Here are just three, happy-making, ‘gold star’ plants that I would hate to be without. The previous owners, two sisters who were teachers, planted a series of one variety of early-flowering rose with lethal thorns along the southern edge. A friend, a great gardener whom I admired, advised taking these old roses out and planting anew. I opted instead for a strict regime, pruning out old wood and feeding. Now, every May, Rosa ‘Maigold’ rewards me with glossy, dark green foliage and fragrant, semi-double, coppery-yellow flowers. In a good summer, she earns her keep by repeat flowering until autumn.
The eye-catching Camassia leictliniii also lifts the heart. The flowers, like violet blue ‘stars’ on spikes, opening one by one over a three-week span. Their large bulbs come from the north-west of North America, where they grow in damp meadows or along streams. This is a good time to see heavenly camassias on the hillside near an amazing river of iris in Brightwater Gardens at Saxby. They also look great naturalising in the unmanicured grass under our orchard trees, a striking combination with apple blossom and even with forget-me-nots or rich borage blues.
Top of my list of prize plants is a special peony: Paeonia mlokosewitschii, known as ‘Molly the Witch’ because its botanical name is an impossible mouthful to say, let alone remember! According to experts, grown from seed in full sun and with good drainage, it flowers after three to five years; I had to wait nine whole years before mine produced its first bud! I watched it swell and colour up, and remember that magical moment, that frisson of joy, when I spied that first bloom open. Far from witch-like, it was fun, like a child’s whirligig blowing in the breeze. Recently a muntjac family has taken to making a nibbling circuit of the garden, but, thankfully, this wondrous flower is both deer and rabbit resistant. This month, nine buds are nestling amongst the mound of blue-green, purple-edged leaves – the perfect complement for every clear, creamy-yellow flower. I can’t wait for the big reveal: gold stamens cupped by pale creamy yellow, tissue-paper-thin petals as delicate as Belleek porcelain.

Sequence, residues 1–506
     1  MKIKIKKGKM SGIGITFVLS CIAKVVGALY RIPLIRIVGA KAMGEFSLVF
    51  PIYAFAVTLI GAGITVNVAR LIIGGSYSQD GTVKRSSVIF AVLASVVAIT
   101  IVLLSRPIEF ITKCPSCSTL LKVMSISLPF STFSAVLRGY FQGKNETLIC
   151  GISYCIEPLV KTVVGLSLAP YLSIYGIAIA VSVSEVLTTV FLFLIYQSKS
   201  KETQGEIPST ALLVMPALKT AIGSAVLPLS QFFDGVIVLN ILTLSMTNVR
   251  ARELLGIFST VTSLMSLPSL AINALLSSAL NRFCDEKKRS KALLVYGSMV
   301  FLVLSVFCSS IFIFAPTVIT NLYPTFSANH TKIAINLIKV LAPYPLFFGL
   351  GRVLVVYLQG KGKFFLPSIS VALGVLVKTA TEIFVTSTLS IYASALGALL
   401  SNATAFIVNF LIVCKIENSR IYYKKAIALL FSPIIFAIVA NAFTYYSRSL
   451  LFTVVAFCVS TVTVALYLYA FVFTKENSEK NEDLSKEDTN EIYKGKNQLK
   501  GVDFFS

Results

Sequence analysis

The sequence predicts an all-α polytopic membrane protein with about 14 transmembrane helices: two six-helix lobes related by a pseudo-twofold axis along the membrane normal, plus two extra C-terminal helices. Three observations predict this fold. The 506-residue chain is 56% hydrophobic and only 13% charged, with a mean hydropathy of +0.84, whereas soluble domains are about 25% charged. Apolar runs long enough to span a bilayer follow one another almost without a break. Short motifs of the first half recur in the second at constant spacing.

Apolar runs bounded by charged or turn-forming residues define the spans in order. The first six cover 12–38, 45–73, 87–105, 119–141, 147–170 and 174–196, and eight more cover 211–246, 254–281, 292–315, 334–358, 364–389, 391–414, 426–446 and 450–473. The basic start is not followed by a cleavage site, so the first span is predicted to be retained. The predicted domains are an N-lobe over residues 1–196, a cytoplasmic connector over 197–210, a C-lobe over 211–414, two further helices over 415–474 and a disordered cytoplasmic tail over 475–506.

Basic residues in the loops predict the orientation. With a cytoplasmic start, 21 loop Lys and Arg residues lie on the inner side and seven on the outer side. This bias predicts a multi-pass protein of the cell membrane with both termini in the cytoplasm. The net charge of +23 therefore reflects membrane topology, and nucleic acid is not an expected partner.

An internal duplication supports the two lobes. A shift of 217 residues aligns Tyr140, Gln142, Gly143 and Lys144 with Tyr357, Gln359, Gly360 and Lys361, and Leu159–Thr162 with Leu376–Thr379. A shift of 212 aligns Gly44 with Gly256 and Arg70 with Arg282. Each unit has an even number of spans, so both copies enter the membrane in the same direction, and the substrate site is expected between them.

Long before life was as fast and pressured as today, a nineteenth-century, American teacher and writer, Ralph Waldo Emerson (1803-1882), penned this wise advice: ‘Adopt the pace of nature; her secret is patience.’ So, take time off this month, slow down and sample her pleasures. If you cannot make Chelsea’s ‘instant’ show gardens, be sure to seek out one of the many Lincolnshire NGS gardens open for charity. ‘Master Gardens’ open to the public have refreshing ideas and planting combinations: The Potager and Lady Lindsey’s Grove at Grimsthorpe Castle, Doddington Hall’s Iris Parterre, with magnificent magnolias and rhododendrons beyond, or explore the jewels among early sweet peas and wildflower terraces at Easton Walled Gardens. Be inspired by the romantic Duchess Garden at Belvoir Castle now extended with acres of walks amidst prize-flowering shrubs supplied by Burncoose specialist nursery in Cornwall. Nature leads us on with her breathtaking exuberance, as if orchestrating an emotional crescendo in an Elgar symphony. Find the flowers you have been waiting for and award your own gold stars!